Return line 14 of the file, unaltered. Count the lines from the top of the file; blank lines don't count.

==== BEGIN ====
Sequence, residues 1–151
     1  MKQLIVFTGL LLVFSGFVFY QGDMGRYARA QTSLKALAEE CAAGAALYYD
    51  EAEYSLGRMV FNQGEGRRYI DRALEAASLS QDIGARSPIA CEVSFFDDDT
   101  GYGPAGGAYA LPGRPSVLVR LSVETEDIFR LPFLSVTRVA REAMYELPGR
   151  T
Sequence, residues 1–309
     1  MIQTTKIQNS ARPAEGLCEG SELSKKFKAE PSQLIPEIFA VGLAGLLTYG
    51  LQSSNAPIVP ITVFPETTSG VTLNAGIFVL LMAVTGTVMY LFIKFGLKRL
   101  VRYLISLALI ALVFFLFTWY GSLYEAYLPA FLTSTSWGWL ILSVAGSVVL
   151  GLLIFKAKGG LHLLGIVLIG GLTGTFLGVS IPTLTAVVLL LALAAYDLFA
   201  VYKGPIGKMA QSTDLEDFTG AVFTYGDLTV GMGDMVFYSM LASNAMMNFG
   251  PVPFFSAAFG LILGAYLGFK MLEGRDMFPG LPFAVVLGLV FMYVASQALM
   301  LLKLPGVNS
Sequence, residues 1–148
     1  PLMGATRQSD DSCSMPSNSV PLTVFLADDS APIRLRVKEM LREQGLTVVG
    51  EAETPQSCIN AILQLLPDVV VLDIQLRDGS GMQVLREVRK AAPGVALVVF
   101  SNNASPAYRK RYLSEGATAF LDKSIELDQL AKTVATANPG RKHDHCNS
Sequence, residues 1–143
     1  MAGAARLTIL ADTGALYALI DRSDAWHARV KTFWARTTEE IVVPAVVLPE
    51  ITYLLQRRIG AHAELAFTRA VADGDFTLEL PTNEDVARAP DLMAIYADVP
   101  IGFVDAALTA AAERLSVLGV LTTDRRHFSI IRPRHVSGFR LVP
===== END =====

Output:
Sequence, residues 1–148